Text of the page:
Reactions to adversity… January 19, 2011

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In the wisdom devotional I am still trying to read diligently, January 13th’s lesson intrigued me from a writing perspective. It has implications for both authors and characters. (and really we’re all rather tied up in our characters, aren’t we?)

The chapter opened with a Hopi quote about not fighting the rushing river of the end times, but letting go of the shore, keeping our eyes open and heads above water and seeing where it takes us. The author, Reynold Feldman, related that to the rush of every day life and how adversity seems to crop up more when we least have the time for it. Something as little as the computer freezing just when you’re about to save that last paragraph.

How do we deal with it? I know I, for one, tend to growl, snarl and pace and talk it through, or… I do tend to just shrug and laugh more these days. Good old Murphy’s law in place. However… our pet oaths, our approach to problems, even whether we exaggerate them, or underrate them, tell everyone or keep them to ourselves is a defining part of our personalities.

It’s also a defining part of character creation, one of those little details that gives them depth. When we see a character without any real resonance, we sense something is missing, and I feel these little idiosyncrasies are one of them. Imagine Sherlock Holmes… without his humanizing, and ultimately tragic, addictions, pipes and violin? He’d be just a caricature of a detective. More machine or plot device, than man.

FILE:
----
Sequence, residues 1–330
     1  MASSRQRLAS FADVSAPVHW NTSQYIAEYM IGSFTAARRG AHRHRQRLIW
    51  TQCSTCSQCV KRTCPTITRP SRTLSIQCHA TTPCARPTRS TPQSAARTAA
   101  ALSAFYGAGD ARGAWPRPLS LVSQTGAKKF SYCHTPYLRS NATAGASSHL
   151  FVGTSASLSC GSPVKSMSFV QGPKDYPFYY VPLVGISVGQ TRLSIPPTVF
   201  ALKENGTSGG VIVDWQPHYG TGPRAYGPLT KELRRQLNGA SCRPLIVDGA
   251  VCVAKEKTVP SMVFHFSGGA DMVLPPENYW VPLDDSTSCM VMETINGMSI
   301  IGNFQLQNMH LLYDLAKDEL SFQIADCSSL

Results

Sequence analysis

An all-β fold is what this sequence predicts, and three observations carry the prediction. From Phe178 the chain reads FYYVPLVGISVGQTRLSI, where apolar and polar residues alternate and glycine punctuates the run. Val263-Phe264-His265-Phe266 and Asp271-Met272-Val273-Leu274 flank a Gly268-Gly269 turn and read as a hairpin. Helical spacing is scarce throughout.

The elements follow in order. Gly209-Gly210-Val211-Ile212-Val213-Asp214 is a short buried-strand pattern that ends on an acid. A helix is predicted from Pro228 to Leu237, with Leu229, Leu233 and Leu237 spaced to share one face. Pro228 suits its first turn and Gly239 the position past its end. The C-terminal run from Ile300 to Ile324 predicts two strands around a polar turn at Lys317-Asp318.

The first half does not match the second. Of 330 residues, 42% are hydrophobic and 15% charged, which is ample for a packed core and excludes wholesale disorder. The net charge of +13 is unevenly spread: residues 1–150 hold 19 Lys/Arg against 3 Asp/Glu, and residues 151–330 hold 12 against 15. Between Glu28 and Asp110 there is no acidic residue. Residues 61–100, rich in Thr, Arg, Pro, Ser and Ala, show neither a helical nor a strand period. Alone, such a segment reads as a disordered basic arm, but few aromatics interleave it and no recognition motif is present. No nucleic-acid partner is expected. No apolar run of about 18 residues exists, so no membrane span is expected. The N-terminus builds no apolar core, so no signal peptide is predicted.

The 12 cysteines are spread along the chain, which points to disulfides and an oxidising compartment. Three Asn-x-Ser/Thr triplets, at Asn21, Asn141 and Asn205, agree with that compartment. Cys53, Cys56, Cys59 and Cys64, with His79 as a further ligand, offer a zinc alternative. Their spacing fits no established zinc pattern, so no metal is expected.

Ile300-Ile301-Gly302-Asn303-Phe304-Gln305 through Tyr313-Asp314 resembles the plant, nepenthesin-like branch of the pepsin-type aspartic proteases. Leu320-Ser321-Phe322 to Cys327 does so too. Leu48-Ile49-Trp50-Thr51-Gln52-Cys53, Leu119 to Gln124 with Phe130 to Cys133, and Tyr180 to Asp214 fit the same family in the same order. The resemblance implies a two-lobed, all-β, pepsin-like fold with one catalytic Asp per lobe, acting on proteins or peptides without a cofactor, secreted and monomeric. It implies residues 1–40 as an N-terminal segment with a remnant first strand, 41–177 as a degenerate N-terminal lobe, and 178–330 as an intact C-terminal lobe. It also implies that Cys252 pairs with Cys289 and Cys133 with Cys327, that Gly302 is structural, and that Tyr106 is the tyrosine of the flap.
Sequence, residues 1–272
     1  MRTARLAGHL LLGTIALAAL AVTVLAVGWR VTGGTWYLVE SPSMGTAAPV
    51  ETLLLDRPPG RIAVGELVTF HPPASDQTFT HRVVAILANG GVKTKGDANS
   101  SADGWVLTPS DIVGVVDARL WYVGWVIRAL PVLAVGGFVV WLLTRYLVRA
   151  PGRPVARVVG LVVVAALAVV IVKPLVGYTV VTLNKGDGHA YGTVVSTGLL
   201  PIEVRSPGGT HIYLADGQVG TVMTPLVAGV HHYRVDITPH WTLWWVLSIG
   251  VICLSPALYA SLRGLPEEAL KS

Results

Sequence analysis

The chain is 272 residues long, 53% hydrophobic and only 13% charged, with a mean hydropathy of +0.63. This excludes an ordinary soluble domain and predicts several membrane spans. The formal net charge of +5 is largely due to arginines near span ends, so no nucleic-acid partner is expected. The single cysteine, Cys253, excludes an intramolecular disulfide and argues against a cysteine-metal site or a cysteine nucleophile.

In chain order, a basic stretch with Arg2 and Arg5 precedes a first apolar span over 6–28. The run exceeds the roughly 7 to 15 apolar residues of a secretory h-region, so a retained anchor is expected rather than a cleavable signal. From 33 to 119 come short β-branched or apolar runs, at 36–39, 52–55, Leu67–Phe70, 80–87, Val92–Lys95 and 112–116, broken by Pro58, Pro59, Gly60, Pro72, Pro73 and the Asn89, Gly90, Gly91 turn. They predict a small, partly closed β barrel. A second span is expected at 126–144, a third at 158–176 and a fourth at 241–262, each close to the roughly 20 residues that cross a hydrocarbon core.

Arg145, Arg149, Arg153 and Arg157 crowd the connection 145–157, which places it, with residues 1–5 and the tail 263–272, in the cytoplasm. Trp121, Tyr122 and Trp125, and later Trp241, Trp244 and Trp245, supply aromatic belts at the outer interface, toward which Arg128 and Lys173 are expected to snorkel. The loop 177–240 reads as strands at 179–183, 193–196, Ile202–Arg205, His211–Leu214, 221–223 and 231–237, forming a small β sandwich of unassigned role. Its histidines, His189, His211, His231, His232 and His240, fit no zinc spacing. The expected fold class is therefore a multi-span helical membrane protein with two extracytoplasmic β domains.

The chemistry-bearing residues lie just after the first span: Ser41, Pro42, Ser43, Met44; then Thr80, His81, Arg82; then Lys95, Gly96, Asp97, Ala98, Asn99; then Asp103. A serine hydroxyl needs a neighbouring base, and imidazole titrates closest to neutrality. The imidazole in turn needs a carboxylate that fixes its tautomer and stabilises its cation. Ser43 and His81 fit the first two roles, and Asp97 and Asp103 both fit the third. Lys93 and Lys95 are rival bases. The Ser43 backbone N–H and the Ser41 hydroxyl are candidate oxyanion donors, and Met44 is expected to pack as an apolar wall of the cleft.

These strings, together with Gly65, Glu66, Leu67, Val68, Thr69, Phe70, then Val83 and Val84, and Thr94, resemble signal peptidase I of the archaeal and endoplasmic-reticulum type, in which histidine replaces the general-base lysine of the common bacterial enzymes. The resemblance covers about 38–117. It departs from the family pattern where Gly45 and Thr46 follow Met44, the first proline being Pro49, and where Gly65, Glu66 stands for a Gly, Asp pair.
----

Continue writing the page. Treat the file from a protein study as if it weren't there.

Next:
I also think that’s what tends to break characters too. Anita Blake, for instance, falls so far into lust and vice she loses her touch of humanity and becomes a caricature of her former portrayal. The U.F. heroine who mouths off in situations where any sane person would shut up is another example of a quirk or a vice taken to an extreme,  that breaks the fourth wall and jars us out of the tale with that spike of disbelief or mental eye rolling.

Books on tape… I mean MP3 January 18, 2011

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Jana and I have spoken about books on tape before and I’ve found it’s a great way to utilize my commute time to better effectiveness.

It’s vital that any good writer continue to read, and particular, to continue to read in their genre. I’ve been working on reading a lot more in both Spanish and English for pleasure rather than just with the critical eye of a literature scholar. However, I’ve been hard pressed to find the time to sit down for any extended period and read, at least not when I have a stack of dissertation work to do, on top of work and home duties.